With less than a week to go before the Lansing City Council must adopt a new budget, the single biggest issue has yet to be resolved.
The question is whether Mayor Virg Bernero’s proposed charge for hydrants and streetlights is a fee or a tax. The Council can increase fees, but a tax would require a vote of the people.
Bernero’s proposal to charge city BWL customers for streetlights and fire hydrants is projected to raise $5.5 million in the fiscal year that starts July 1. It is the central piece to balancing a $5 million deficit. Those costs are now built into the General Fund, which is largely fed by property and income tax revenue and state-shared revenues.
Some legal experts say it would be a tax. Lansing City Attorney Janene McIntyre is apparently still researching the city’s position.
A 1998 decision by the Michigan Supreme Court — in which a Lansing resident challenged whether a storm water service charge imposed by the city was a tax and won — established three criteria for differentiating fees and taxes: A fee must serve a regulatory, not a revenue-raising, purpose; the fee must be proportionate to the service costs; and the fee must be voluntary.
Randy Hannan, Bernero’s chief of staff, said Monday night that he was yet to discuss the city attorney’s findings with her. McIntyre could not be reached for comment on Tuesday.
The proposal has received virtually no attention in City Council budget hearings since BWL General Manager J. Peter Lark appeared before the Council on April 8 to give more details. At that meeting, Lark laid out two potential scenarios for how the charges could affect residential, commercial and industrial customers: A percentage increase based on electricity and water usage and a flat fee increase for both of those.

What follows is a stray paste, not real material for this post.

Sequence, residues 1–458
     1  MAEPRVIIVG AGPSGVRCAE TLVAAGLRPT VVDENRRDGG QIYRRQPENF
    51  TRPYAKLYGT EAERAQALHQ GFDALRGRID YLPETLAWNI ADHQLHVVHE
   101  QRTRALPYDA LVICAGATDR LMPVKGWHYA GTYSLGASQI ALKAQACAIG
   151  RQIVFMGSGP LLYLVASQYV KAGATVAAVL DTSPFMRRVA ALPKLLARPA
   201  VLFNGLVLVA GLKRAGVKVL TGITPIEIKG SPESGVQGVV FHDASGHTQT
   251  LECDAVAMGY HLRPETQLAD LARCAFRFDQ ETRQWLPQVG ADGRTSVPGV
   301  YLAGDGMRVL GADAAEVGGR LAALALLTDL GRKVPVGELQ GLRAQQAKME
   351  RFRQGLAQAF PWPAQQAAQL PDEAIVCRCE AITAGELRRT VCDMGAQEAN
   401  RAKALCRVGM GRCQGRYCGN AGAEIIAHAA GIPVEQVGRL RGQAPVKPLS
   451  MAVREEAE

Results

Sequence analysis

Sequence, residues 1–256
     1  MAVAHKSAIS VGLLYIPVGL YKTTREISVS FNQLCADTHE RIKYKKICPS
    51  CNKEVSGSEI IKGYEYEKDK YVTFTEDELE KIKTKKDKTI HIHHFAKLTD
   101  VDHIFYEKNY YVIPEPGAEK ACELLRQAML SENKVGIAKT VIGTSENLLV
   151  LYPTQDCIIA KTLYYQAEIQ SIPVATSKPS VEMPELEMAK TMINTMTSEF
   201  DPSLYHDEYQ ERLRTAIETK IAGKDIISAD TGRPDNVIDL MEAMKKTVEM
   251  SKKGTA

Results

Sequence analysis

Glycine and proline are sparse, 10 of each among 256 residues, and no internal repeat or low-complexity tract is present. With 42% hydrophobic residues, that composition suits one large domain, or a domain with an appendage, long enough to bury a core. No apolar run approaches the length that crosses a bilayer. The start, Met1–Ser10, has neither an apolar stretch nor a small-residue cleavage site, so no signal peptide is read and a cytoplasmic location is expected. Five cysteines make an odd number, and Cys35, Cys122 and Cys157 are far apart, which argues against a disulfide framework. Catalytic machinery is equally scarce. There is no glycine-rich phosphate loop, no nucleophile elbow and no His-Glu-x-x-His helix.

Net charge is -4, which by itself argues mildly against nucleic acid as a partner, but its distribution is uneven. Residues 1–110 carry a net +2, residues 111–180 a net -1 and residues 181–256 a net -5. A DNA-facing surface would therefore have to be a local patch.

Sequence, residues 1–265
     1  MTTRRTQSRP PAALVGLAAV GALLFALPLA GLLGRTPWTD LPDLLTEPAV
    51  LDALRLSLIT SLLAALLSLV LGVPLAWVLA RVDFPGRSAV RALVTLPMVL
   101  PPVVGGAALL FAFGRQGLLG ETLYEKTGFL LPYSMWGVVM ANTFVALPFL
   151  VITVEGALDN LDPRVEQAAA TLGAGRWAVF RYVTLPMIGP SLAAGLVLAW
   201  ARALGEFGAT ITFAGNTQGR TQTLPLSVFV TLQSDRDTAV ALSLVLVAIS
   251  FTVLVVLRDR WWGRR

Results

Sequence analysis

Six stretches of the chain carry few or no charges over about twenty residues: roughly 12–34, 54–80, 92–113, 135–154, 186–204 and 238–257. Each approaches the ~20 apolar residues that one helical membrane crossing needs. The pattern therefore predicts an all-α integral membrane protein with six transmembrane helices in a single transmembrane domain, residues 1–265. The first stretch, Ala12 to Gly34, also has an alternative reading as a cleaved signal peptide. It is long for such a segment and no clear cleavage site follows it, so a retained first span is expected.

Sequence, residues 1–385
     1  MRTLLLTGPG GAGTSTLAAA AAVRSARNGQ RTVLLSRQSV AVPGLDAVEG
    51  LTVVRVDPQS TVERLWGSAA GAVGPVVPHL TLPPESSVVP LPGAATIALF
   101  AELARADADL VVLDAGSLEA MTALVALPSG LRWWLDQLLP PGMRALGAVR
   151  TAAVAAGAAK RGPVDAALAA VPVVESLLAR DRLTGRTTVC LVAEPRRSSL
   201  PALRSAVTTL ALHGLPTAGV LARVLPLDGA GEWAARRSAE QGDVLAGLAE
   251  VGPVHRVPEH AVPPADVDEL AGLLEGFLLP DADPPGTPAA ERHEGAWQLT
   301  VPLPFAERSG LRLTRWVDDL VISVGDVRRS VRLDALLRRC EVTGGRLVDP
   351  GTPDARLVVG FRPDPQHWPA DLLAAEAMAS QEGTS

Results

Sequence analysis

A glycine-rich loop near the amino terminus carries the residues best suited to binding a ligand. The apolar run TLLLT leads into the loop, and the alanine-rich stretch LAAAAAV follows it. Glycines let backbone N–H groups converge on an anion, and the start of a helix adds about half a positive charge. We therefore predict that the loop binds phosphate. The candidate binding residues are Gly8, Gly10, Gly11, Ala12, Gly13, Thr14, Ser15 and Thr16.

“In general, the flat rate advantages the larger users. I don’t know if you want to do that or not,” he said at the time. “The little guy would probably do a little better” with a percentage increase.
At that meeting, Lark said customers in six local jurisdictions are charged for hydrants. All jurisdictions served by BWL pay for streetlight services out of general funds.
City Councilman Brian Jeffries said the administration was “non-responsive” on a series of written questions, including whether it’d be a tax or a fee. He also said the Council has not seen a formal legal opinion on the matter.
Jeffries said he wants to see a “tiered system” for ratepayers, in which BWL customers outside of the city would pay higher rates if city customers have to pay for streetlights and fire hydrants.
BWL spokesman Steve Serkaian said the publicly owned utility would comply with whatever system is approved in a finalized budget. He said the tax/fee question is “not for BWL to determine. The city wouldn’t raise that matter with BWL.
“BWL will do whatever the budget process requires it to do.”